# There is no $C^1$ function $f$ mapping an open interval in $\mathbb{R}$ onto open ball in $\mathbb{R}^2$

We know that there are no $C^1$ functions which map open $E\subset \mathbb{R}^2$ INTO $\mathbb{R}$. (Actually we can drop the $C^1$ requirement and just use continuity). A nice related question is that There is no $C^1$ function $f$ mapping an open interval in $\mathbb{R}$ ONTO open ball in $\mathbb{R}^2$. But I can't prove it, any suggestion?

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is it ONTO or INTO? – Mercy King Aug 6 '12 at 1:44
Dear Mercy, the second part is Onto. – KWO Aug 6 '12 at 10:12
sard? sard? sard? – roy smith Oct 9 '15 at 19:51

For the first question: if $f: E \to \mathbb R$ is continuous and one-to-one, let $B$ be an open ball with $\overline{B} \subset E$. If $x \in \partial B$, then since $x$ is a limit point of $B$ and of $E \backslash \overline{B}$, $f(x)$ must be in $\partial f(B)$. But $B$ is connected so $f(B)$ is connected (i.e. an interval in $\mathbb R$), and an interval has only two boundary points.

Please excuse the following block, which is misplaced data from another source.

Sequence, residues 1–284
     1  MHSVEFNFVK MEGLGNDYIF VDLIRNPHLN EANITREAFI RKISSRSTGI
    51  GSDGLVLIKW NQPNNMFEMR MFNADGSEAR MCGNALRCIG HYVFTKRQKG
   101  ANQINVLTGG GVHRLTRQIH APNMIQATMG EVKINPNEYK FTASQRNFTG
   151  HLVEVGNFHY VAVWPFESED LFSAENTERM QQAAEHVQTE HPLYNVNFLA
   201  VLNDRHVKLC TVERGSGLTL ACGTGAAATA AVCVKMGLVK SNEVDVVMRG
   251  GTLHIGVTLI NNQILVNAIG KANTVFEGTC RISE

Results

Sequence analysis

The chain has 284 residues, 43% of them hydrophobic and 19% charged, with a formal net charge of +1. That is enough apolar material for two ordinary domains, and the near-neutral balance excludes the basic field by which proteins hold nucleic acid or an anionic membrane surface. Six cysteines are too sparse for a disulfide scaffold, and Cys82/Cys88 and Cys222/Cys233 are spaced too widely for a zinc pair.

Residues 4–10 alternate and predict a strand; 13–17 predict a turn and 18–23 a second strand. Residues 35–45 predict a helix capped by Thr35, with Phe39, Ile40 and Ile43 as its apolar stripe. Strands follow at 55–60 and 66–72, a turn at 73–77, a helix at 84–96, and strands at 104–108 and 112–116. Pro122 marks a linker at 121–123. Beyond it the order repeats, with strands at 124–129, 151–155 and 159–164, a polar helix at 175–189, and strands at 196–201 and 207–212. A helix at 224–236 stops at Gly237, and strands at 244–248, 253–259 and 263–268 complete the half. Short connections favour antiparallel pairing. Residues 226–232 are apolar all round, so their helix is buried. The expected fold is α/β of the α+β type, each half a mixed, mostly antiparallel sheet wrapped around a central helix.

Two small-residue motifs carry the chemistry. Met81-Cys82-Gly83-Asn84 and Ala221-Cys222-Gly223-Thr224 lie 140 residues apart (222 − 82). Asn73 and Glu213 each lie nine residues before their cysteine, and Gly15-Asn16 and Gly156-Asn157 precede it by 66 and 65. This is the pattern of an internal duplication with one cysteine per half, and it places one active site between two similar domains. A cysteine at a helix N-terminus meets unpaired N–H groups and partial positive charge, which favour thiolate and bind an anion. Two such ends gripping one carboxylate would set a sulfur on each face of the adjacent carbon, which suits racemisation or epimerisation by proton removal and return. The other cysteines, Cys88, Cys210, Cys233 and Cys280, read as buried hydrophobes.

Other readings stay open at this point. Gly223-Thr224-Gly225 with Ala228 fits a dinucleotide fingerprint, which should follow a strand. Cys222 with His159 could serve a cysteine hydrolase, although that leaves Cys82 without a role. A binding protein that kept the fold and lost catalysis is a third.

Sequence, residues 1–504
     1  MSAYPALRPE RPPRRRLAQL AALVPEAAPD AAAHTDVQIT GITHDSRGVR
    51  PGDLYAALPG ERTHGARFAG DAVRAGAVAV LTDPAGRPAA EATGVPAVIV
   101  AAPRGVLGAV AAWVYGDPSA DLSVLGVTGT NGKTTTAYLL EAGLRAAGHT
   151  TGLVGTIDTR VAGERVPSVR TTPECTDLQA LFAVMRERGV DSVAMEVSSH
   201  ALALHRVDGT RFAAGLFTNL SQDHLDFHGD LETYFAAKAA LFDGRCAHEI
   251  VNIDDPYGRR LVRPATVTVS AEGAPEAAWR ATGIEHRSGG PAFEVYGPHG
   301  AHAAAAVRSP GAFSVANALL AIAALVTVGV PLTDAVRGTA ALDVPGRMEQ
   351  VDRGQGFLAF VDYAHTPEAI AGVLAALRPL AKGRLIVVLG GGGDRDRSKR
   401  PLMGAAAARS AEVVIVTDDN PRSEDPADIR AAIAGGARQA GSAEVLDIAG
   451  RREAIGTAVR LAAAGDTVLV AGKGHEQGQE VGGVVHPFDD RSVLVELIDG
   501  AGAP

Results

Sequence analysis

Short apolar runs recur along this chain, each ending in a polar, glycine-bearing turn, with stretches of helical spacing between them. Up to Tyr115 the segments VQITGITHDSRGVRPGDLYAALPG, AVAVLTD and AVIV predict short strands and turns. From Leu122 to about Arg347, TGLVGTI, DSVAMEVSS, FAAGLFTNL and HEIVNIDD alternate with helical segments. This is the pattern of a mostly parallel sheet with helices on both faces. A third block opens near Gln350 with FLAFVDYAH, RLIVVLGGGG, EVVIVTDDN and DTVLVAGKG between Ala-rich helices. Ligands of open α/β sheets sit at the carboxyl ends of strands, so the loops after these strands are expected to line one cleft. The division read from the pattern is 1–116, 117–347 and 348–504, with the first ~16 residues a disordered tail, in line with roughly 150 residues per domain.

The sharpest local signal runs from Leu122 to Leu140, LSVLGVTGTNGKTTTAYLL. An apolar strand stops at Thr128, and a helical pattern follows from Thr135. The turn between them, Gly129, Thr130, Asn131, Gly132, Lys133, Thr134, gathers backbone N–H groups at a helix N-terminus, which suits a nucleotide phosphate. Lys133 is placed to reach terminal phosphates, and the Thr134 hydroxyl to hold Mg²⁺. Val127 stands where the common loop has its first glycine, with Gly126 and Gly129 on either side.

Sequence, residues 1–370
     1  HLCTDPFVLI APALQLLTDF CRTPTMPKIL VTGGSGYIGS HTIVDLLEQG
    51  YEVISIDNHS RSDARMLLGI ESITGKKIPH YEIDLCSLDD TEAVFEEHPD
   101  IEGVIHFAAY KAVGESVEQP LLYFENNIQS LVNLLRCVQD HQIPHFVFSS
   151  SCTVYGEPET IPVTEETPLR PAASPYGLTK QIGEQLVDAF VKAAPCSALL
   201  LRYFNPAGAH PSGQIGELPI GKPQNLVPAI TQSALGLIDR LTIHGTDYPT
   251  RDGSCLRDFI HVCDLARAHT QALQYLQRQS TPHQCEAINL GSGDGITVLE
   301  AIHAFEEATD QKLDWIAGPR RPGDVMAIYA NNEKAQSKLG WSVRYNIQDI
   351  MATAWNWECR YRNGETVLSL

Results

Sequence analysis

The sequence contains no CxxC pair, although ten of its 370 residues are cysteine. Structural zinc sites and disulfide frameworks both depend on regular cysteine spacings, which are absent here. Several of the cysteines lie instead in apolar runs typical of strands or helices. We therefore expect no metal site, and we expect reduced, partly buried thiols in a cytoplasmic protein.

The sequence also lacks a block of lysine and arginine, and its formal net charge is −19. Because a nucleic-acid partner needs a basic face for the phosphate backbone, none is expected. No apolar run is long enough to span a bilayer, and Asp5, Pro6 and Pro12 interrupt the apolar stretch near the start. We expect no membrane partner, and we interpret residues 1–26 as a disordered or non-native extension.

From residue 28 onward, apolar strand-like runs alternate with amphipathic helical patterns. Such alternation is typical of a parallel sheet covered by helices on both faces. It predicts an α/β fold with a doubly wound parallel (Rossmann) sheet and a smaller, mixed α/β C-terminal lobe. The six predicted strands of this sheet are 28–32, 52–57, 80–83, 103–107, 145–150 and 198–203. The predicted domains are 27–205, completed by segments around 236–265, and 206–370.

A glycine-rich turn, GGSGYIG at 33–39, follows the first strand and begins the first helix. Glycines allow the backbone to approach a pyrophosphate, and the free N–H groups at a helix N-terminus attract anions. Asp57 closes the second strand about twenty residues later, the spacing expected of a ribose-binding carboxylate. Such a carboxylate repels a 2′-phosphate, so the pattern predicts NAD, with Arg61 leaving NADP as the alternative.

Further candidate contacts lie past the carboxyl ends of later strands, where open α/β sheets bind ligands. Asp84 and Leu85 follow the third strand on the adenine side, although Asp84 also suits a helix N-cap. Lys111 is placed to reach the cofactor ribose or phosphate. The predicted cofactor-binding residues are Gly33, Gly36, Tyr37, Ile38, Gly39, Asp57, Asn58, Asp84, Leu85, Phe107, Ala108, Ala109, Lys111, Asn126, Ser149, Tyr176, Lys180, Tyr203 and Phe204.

For the second question: a $C^1$ function $f$ is locally Lipschitz, and therefore for $E \subseteq \mathbb R$ the Hausdorff dimension of $f(E)$ is no greater than the Hausdorff dimension of $E$, and thus at most $1$.
EDIT: Here's a somewhat less sophisticated version. Consider a closed bounded interval $J$ on which your $C^1$ function $f$ is defined. Then $|f'|$ is bounded on $J$, say be $K$, and for any $x,y \in J$ we have $|f(x) - f(y)| \le K |x - y|$. Let $J$ have length $L$. For any positive integer $n$, we can split up $J$ into $n$ subintervals $J_j$ of length $L/n$, and the images of these under $f$ are $n$ sets of diameter at most $KL/n$. But for any $r > 0$ and positive integer $m$, a square of side $r$ in ${\mathbb R}^2$ contains $m^2$ points (forming a regular grid) whose distance from each other is at least $r/m$. If $n$ is sufficiently large, we can take $m$ so $KL/n < r/m$ but $m^2 > n$, and thus $f(J)$ can't contain any square. Therefore $f(J)$ can't contain any nonempty open set.
To complete the proof, you can use the Baire Category Theorem: if $I$ is an open interval, $f(I)$ is the union of countably many $f(J)$ for closed bounded intervals $J$, but
$f(J)$ is closed and nowhere dense, so the union of these can't contain any nonempty open set.